There are many studies that have examined just that question. The answer lies in the generational acceptance of what we are born into, as being the ‘baseline’ for our mental measurements of how things are changing. So each generation only gauges against what they grew up with.

Every generation has said the same damn thing, "Fishing has gone bad since I was little!" In fact, Wellsby mentions his father as saying something akin to "the fishing in the Brisbane River is stuffed" in the late 1800's compared to his childhood!

What about those who say they catch more snapper in Moreton Bay today than ever?

This is all about the ‘Effort Creep’ syndrome. As new technology is more available, the home ranges\feeding times\precise locations and such, allows more anglers to catch fish that would never have been subjected to fishing pressure.

I have a good mate who swears he catches more snapper now in Moreton Bay than ever before and, from his catch rates, he infers that snapper stocks are in good health. He uses plastics in daytime. My answer to test his theory is to revert back to the standard rig of using bait in daylight hours and see what you catch. Plastics work really well but you are just rounding up the last few fish using technology. More ‘Effort Creep’. It’s rounding up the ‘last few spawners’.

There are many cases in the literature where commercial fish stocks have held up under increasing pressure. For example, for the Atlantic cod catch rates actually increased each year as the species approached crash point. The cod distribution had contracted to an ever-decreasing area due to ever-increasing levels of exploitation, plus more efficient technology to detect\catch them. Of course the stock collapsed years ago and hasn’t shown any real ability to recover. One might be wondering whether a similar contraction is\has occurred in snapper stocks in SE Qld.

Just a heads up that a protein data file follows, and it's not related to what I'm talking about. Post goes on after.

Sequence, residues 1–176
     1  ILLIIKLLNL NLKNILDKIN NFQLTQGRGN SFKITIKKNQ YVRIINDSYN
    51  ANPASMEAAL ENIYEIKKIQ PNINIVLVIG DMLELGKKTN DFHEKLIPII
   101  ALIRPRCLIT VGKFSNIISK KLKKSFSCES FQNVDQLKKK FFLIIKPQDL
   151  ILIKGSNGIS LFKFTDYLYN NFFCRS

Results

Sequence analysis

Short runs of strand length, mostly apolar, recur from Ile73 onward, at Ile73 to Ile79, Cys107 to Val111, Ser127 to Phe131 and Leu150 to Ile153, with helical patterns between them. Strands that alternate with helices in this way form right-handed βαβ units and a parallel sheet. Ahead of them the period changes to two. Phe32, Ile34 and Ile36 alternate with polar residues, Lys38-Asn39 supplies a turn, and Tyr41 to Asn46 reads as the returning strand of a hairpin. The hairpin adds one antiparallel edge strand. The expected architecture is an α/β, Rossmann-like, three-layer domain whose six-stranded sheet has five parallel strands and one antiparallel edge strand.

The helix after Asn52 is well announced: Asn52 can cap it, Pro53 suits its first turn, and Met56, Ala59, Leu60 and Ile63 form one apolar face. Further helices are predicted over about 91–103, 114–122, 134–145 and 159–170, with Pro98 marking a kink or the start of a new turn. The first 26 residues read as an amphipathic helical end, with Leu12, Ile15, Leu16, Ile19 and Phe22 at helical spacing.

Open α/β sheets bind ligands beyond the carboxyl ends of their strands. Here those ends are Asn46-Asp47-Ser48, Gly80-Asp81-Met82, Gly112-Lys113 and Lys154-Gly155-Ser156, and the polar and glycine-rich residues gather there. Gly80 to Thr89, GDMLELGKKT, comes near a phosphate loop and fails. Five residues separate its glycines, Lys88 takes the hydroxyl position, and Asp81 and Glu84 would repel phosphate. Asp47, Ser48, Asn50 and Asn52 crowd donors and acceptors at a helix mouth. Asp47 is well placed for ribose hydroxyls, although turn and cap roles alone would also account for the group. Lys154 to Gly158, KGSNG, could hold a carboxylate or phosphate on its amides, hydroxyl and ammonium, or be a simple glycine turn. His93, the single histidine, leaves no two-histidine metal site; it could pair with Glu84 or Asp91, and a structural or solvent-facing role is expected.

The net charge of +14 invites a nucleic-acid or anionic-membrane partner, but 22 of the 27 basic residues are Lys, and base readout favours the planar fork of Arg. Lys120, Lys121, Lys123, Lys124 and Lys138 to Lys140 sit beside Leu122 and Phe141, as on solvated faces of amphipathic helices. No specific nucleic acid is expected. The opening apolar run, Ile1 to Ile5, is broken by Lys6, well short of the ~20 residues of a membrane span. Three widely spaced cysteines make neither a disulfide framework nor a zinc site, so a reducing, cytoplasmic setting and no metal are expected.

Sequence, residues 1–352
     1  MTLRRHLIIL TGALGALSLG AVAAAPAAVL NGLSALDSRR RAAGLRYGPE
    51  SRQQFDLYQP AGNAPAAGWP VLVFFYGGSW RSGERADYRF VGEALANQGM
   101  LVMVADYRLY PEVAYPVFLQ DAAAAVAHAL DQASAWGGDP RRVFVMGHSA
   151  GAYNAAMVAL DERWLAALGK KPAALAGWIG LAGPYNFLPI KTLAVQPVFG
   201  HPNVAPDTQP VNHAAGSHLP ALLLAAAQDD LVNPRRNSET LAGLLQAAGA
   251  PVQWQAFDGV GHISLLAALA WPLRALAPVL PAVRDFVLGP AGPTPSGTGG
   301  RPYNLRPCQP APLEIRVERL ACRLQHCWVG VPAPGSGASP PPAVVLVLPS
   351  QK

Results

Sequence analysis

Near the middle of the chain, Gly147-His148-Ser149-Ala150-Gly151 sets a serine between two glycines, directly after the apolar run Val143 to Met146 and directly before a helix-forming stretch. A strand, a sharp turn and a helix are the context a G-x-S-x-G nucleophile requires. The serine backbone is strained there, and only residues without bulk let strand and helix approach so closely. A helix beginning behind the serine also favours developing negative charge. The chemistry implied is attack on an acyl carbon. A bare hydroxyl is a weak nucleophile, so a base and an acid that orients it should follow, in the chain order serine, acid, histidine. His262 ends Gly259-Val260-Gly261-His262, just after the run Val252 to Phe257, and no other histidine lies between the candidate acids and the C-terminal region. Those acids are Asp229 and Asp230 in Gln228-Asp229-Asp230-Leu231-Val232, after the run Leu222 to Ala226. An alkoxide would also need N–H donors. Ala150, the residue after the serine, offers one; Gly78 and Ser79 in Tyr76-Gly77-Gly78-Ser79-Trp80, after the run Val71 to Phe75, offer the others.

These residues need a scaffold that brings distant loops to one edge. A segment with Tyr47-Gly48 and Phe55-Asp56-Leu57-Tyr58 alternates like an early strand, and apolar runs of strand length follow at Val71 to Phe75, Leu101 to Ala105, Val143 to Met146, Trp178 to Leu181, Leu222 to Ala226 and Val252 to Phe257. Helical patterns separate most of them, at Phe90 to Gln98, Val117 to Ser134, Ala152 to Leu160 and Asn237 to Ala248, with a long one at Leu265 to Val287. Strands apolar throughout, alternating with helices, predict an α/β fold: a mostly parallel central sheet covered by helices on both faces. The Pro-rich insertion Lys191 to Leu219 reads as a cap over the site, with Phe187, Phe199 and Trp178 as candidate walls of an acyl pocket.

Other examples of Effort Creep

Advances in technology can lead to massive changes in the ability of fishers to find and catch species. For example, the introduction of GPS into the Northern Prawn Fishery has conservatively estimated to make the trawling fleet 11% more effective at finding and catching banana prawns in the Gulf of Carpentaria.

Generally, banana prawns congregate in similar offshore regions each year, due to the combined effects of the timing and levels of rainfall, along with other parameters. Swapping of GPS discs between Skippers of past historical locations where banana prawn schools were caught effectively brought the level of efficiency of the any newcomer Skipper up to just below that of the old timers, in only a year or two. That equals ‘Effort Creep’.

The exact same process has occurred with the introduction of GPS\sounders\speedboats and such in the SE Qld offshore snapper fishery. The introduction and swapping of GPS discs allowed the learner Skippers to quickly arrive at the most likely locations\timings where congregations of snapper occur.

So what does all this mean?

I have been around for a while on this planet and I am absolutely certain that catch rates of snapper have massively declined from when I was a lad. Are the stocks in strife? It would take a real gambler to bet that snapper stocks in SE Qld are healthy.

If you disagree with existing research estimates of the proportion of spawners (long-term) required to ensure sustainability, and discounted that value to even 10%, I suspect you would struggle to prove the case "that the populations of snapper in SE Qld are not presently under major stress".

If you can't, then the alternatives seem to be reductions in bag limits. – Don Heales

Reads: 4128

Matched Content ... powered by Google